In the episode 'Deadly Combination' of the TV series 'Knots Landing' first shown in March 1987, the character Karen MacKenzie could be seen eating a piece of Boston Cream Pie - one of America's favorite dessert. Inspired by colonial housewife Martha Washington, the Boston Cream Pie (or Martha Washington Cream Pie) was invented in the 1800s at Boston's Parker House Hotel.

The round double-layer sponge cake filled with egg or vanilla custard between the layers, topped with chocolate frosting or sprinkled with powdered sugar and served with whipped cream and a hot cup of coffee, was originally known as an "emergency pie". At that time, Thomas Jefferson was visiting George Washington at Mount Vernon for dinner.

Martha Washington would like to serve something very special for the honored guest, instructed her cook to put together thin layers of sponge cake, sandwiched with a cream filling flavored with sherry. On top, sprinkled with fine sugar and garnished with whipped cream. As understood, "The wives of the Senators present as guests asked for the recipe. When the Senators and their wives returned to home towns, the pie was introduced to the hinterlands – and the fame of Boston Cream Pie spread."

Joan Van Ark told Colette Bouchez in 1986, "I usually eat one meal a day when I'm working but I snack on crackers and apple juice during the afternoon. Then, when I get home, I eat steamed vegetables like broccoli with lemon juice and a potato, plus some chicken or fish. But, the way I really control my weight is by eating what I call a lot of 'water' foods – cucumbers, lettuce, beansprouts, watermelon – that are mostly water and very few calories. I only put into my body as much as I feel it needs to keep me going."

Michele Lee told the press, "I do feel unique. I have a chance to portray such a positive role model for women in a show that portrays so many aspects of real life. Karen is a female who exemplifies goodness and morality and has never swayed from this. I had always pictured my leading lady as different from Karen Fairgate. I had to be talked into doing it.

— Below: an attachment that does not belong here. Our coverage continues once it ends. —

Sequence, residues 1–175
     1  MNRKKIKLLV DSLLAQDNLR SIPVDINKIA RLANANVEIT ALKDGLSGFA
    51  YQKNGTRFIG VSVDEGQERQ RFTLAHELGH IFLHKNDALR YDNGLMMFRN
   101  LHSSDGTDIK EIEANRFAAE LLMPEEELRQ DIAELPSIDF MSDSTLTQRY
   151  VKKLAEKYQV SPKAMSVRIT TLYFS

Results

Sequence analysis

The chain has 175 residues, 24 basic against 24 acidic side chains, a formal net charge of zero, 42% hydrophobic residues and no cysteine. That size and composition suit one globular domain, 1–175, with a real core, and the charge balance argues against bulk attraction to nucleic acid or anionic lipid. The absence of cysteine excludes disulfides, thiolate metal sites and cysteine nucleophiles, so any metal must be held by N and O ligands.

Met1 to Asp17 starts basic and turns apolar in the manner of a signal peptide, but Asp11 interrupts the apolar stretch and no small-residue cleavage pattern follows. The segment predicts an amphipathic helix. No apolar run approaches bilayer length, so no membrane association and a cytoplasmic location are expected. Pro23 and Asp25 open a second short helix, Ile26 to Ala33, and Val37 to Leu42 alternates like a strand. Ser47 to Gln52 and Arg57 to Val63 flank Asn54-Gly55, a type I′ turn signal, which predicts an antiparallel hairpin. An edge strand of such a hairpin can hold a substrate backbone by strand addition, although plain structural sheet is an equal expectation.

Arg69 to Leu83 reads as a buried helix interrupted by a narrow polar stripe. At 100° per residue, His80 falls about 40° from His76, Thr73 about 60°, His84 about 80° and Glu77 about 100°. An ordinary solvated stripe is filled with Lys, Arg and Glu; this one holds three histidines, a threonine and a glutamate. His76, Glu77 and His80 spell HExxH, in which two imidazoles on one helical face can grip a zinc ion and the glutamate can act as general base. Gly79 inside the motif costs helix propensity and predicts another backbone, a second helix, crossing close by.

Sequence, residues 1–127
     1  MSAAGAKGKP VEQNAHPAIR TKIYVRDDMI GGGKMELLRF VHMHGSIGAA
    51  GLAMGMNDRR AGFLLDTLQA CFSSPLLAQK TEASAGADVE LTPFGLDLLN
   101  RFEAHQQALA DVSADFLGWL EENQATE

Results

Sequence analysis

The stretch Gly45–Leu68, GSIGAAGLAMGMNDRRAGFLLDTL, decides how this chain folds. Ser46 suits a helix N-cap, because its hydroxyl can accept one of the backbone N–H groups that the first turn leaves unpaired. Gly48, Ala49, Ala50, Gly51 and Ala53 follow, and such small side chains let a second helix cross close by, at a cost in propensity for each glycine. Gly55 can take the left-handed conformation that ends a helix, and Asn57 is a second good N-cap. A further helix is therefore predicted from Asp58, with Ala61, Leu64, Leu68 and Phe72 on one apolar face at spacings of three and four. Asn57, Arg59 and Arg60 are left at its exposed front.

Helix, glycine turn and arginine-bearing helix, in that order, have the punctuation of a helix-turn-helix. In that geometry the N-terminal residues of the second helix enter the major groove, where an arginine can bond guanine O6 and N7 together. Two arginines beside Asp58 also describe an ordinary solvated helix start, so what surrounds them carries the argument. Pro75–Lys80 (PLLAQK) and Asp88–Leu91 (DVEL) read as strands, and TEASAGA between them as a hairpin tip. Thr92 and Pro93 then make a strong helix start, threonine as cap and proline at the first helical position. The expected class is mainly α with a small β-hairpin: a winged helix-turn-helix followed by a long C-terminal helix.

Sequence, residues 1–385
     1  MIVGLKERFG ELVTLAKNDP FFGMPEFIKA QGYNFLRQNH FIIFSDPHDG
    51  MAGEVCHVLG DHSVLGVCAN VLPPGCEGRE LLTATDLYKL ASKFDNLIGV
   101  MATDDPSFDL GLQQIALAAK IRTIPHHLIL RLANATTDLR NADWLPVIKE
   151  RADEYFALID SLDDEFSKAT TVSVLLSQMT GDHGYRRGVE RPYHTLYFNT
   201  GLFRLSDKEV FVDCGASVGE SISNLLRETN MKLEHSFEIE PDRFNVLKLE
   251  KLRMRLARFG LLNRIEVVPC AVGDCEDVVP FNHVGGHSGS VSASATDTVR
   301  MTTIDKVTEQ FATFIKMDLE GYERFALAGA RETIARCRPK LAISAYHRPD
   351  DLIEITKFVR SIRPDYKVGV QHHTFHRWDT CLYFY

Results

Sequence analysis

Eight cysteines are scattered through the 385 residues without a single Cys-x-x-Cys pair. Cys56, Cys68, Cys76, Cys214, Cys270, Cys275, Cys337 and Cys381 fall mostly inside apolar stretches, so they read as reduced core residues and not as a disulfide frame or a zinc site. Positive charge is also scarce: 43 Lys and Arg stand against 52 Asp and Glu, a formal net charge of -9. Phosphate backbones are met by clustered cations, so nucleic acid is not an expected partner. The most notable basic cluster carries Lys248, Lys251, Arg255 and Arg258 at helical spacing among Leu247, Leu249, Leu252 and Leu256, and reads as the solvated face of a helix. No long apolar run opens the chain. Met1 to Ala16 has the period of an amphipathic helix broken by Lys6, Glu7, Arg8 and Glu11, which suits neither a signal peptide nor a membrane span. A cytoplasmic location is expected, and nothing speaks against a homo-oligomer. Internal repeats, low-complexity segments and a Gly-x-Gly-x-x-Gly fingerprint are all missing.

"I know this lady. I'm a very fast study. I've always worked this way – my scenes are learned the day I shoot them. I don't mean I walk through it. I only have homework or research when I'm doing something like the drug sequence or a lot of dialog. It was compared to 'Dallas', which it shouldn't have been. It wasn't even called 'Knots Landing' in the beginning. It was 'Married Couples'. It was an examination of 4 marriages. You know how we got the title? 'Knots' refers to water and 'Landing' to docks and 'Knots' also refers to marriages for people tying the knot.

"We went through marriages, deaths, boyfriends and breakups and God knows what during the course of 14 years. Originally, we didn’t know. In year 2 or 3 (around 1980-82), we were saying, 'Gee, this could last 7 years.' And in year 10,11 and 12, I was saying, 'If they play their cards right, this could go 20 (to the year 1999) – which I still maintain it probably could have.

"The strength of 'Knots Landing' is its emphasis on familial values, economic conflict and sexual tension, and I obviously represent familial values. Part of her character used to be her deep involvement in social issues. She worked for the ACLU. She was the liberal of the cul-de-sac. When the ERA was very prevalent, she was involved in it. There was always talk of her being a demonstrator who was arrested in the '60s. We're really more touchable than, say, 'Dynasty' or 'Dallas' because 'Knots Landing' is a working community of middle class people with middle class values and the work ethic. The audience identifies with us or wants to be like us."